Authors: Musiyarira, H; Chirchir, I; Bliss, M

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DOI https://doi.org/10.36487/ACG_repo/2152_95

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Musiyarira, H, Chirchir, I & Bliss, M 2021, 'The development of a mine closure framework: a case study for Namibia', in AB Fourie, M Tibbett & A Sharkuu (eds), Mine Closure 2021: Proceedings of the 14th International Conference on Mine Closure, QMC Group, Ulaanbaatar, https://doi.org/10.36487/ACG_repo/2152_95

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Abstract:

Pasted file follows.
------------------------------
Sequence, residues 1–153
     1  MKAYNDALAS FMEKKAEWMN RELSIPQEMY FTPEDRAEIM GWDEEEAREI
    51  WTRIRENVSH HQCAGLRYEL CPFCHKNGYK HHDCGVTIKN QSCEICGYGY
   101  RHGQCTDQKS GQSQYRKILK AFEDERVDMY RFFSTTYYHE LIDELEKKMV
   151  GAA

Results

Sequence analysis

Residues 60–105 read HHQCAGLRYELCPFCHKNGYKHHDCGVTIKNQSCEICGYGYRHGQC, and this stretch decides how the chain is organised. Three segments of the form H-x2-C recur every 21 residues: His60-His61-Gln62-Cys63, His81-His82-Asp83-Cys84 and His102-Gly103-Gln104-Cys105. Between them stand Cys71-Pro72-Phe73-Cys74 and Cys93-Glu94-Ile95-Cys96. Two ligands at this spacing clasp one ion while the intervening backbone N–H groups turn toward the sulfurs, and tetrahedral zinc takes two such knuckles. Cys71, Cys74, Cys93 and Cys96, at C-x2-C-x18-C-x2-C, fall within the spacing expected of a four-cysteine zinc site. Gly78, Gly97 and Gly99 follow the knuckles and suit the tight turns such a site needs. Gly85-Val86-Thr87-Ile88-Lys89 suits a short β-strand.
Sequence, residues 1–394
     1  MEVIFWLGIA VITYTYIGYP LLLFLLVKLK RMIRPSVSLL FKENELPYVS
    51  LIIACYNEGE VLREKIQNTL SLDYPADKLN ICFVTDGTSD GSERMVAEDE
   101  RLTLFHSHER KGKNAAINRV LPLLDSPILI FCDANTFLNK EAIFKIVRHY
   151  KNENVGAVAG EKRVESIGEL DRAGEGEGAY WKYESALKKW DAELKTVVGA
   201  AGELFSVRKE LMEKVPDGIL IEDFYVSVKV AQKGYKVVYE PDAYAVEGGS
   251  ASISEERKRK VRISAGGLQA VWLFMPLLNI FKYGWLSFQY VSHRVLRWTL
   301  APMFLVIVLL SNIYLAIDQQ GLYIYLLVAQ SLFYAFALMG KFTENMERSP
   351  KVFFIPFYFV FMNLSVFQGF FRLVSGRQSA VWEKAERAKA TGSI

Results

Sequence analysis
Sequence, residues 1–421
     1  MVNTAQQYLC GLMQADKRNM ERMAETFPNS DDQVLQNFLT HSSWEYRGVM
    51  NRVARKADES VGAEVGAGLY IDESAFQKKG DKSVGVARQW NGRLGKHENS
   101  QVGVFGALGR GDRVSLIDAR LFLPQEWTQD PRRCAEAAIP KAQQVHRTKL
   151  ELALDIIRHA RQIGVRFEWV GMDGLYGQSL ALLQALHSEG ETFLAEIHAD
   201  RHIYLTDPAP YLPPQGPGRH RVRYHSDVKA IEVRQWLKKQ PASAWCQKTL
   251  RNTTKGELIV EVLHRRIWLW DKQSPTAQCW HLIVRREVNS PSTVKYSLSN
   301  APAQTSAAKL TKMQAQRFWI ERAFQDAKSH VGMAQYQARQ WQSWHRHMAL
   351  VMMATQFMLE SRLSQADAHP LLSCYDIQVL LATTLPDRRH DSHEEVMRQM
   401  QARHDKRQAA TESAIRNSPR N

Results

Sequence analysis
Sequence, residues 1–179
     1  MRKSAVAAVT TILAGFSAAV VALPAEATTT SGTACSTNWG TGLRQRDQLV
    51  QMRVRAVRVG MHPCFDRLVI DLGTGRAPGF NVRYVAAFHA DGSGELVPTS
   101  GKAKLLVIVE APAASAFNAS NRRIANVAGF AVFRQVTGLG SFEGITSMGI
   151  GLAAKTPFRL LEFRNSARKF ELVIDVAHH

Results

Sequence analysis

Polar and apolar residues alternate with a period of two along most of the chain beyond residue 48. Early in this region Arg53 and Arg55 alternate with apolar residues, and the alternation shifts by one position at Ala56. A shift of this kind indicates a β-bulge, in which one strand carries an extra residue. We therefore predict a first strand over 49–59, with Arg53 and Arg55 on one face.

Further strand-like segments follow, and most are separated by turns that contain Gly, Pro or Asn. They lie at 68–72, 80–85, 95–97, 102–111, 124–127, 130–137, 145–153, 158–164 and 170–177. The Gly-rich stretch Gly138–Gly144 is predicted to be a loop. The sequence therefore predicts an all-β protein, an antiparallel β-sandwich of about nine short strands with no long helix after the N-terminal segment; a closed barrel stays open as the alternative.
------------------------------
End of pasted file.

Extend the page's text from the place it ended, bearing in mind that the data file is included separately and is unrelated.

Namibia is heavily dependent on the extraction and processing of minerals for export and this is a central pillar of Namibia’s economy. However, while mining presents a significant opportunity for growth and development, the government, civil society and the private sector must work together to ensure that meeting the needs of today’s stakeholders does not compromise the needs of future generations. In 2018, a Mining Policy Framework Assessment revealed that there was a lack of legislation that provided details for progressive rehabilitation, mine closure planning, site relinquishment and associated transfer of residual environmental and financial liabilities from the licence holder back to the government. Based on the assessment and capacity training carried out by the Intergovernmental Forum on Mining, Minerals, Metals and Sustainable Development (IGF), there arose a need to develop a mine closure framework from a regulator’s view point since there is already one that was developed by the Namibian Chamber of Mines (CoM). The framework represents a desire from industry to support the implementation of the government’s Minerals Policy, which stipulates that the government will develop guidelines on closure and it will monitor compliance using set performance guidelines. However, the CoM mine closure framework does not prescribe how financial provisions for closure should be implemented and as such, this leaves the determination of the allocation of mine closure funds at the discretion of each mine operator. The present paper therefore, outlines the steps that were undertaken to develop the regulator’s framework and also provides preliminary outcomes from the process. The study was carried out using independent but complementary methodologies. These included a baseline study and data analysis, mining policy framework analysis and report writing. Relevant reports and data from government ministries, public institutions, private sector organisations and agencies were analysed. A benchmarking exercise with leading mining countries such as Australia, Canada and South Africa was undertaken. This was aimed at searching for new ideas and exchanging views and opinions on the developmental outcomes of the mine closure framework. The purposes for the development of the framework were to ensure that mines operating within Namibia align with the requirements of national rehabilitation and closure-related legislation; standardise the approach to rehabilitation and mine closure planning by developing a standard that all operators can use for consistency reporting. The major elements of the proposed framework are that it sets an internationally accepted best practice framework for the Namibian mining industry to achieve the required regulatory rehabilitation and closure compliance. This includes dedicated stakeholder engagement on key closure planning aspects and also identifying the importance of aligning mine rehabilitation and closure planning throughout the mining life-cycle. It also provides the main planning aspects to be considered when developing, refining and implementing rehabilitation and closure plans and specifies the key considerations to determine closure cost estimates and the process to make financial assurance provisions for rehabilitation activities. It also identifies the importance of implementing progressive rehabilitation, frequently refining mine closure plans and continuing ongoing monitoring throughout the mining life-cycle towards the achievement of eventual site relinquishment.

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